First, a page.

Grammar school superhead left students feeling suicidal with policy of exclusion for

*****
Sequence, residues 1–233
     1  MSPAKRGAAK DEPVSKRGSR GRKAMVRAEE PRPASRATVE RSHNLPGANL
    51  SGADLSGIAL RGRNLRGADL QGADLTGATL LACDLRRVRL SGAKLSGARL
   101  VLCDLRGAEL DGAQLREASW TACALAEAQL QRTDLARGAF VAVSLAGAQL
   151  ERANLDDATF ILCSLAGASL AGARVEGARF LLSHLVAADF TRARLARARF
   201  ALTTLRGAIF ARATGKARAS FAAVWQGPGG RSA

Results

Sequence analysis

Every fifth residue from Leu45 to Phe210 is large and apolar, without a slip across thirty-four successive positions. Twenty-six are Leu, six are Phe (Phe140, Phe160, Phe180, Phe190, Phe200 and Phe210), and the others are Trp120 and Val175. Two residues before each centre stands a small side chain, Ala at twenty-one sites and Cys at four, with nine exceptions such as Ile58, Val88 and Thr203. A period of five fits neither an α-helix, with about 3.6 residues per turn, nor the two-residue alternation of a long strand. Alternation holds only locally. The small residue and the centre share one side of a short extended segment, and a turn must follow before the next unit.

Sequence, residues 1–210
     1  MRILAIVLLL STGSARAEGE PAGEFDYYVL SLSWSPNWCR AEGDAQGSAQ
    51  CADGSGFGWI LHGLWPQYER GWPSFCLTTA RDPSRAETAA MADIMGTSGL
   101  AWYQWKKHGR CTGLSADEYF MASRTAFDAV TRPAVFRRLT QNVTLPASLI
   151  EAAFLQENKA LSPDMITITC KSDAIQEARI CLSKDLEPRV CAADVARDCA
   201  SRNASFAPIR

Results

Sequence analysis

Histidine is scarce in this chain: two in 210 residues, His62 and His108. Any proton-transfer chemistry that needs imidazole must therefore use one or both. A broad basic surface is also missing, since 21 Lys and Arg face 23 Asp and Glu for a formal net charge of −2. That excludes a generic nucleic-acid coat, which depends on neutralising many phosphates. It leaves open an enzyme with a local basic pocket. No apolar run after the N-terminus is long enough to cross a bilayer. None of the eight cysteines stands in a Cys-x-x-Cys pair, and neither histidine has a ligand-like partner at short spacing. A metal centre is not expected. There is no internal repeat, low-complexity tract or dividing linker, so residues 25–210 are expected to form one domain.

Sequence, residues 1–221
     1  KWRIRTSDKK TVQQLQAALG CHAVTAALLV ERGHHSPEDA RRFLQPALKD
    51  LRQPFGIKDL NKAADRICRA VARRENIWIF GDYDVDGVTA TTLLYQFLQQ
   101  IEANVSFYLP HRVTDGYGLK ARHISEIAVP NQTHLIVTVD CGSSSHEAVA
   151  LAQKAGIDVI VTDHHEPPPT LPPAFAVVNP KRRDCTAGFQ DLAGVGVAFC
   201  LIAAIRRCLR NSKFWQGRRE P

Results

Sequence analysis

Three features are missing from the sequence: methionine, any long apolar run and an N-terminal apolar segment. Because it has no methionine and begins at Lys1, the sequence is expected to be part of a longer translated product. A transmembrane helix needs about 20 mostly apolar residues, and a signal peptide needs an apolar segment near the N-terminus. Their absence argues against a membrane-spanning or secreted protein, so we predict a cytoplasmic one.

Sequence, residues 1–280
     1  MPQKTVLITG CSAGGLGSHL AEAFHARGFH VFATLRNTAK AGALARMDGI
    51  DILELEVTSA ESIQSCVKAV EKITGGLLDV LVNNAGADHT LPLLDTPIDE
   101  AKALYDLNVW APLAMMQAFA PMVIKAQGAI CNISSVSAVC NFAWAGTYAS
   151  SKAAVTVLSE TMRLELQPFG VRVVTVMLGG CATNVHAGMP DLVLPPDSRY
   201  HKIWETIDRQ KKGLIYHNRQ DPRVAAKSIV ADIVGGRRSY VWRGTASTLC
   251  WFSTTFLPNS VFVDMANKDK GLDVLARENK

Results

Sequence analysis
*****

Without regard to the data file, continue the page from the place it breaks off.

St. Olave’s has abandoned the practice of withdrawing Year 13 place offers from Year 12 pupils who achieved worse than three Bs at AS-LevelCredit: Gareth Fuller/ PA An investigation into the school, which was judged Outstanding by Ofsted in 2014, found its safeguarding policy was in place and implemented.However, investigators found “issues of wellbeing, mental health and emotional abuse” including an “adverse effect” on the wellbeing of less academic pupils caused by a “constant emphasis” on getting A* grades and reading medicine at Oxbridge. Want the best of The Telegraph direct to your email and WhatsApp? Sign up to our free twice-daily Front Page newsletter and new audio briefings. The School Chaplain told how more than 30 pupils in two years had sought a confidential conversation to discuss how the pressure was affecting them, and several “felt like failures” when predicted even A*AA grades, rather than straight A*s. The Orpington school was heavily criticised in the council reportCredit:Gareth Fuller/PA A “superhead” of an ultra-selective London grammar school left sixth-formers feeling suicidal and staff feeling bullied with a “constant emphasis” on perfect exam grades, a report has found.Aydin Önaç’s focus on his pupils at St Olave’ Grammar School in Orpington achieving A* grades and Oxbridge admissions left one student feeling he “might as well kill himself” after his offer of a place in Year 13 was withdrawn when he missed the three-Bs target in Year 12 exams.A report by Bromley Borough Council has concluded that 66-year-old Mr Önaç, who resigned from his £200,000-a-year post last year, was wrong to enforce the policy, which it says has left some children “medically diagnosed at risk of suicide”.Pupils received the news in a school office with no adult present and emerged “deeply distressed”. One staff member overheard a student say he was so fearful of telling his parents he had to leave “he might as well kill himself”, and another student saying “they just want to be rid of me, they just want me gone.” After a legal challenge from parents, the local authority confirmed it was illegal to exclude pupils on non-disciplinary grounds and the school has abandoned the practice.The report also criticised the school for refusing staff funds for essentials and requesting donations from parents despite sitting on £2m in reserves.St Olave’s has promised to judge future performance against a broader range of criteria.